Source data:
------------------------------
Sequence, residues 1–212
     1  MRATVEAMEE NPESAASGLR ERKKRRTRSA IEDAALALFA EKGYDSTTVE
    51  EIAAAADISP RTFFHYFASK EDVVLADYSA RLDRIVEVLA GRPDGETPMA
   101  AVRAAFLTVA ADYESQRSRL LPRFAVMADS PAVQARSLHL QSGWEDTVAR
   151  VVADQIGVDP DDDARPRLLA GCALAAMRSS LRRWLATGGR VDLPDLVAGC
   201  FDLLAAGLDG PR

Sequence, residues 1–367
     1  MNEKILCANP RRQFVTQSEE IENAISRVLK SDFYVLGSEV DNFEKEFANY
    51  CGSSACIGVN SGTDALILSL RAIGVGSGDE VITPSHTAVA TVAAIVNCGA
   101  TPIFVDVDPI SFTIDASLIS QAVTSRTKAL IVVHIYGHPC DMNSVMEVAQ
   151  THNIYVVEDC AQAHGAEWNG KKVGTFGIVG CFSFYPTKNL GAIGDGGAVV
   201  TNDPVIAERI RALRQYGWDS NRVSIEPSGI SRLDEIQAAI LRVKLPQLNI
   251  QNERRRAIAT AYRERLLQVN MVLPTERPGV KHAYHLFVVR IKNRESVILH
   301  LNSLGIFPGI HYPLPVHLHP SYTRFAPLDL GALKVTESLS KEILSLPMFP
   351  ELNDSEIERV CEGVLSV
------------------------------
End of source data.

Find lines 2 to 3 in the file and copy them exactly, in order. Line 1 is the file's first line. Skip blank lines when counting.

     1  MRATVEAMEE NPESAASGLR ERKKRRTRSA IEDAALALFA EKGYDSTTVE
    51  EIAAAADISP RTFFHYFASK EDVVLADYSA RLDRIVEVLA GRPDGETPMA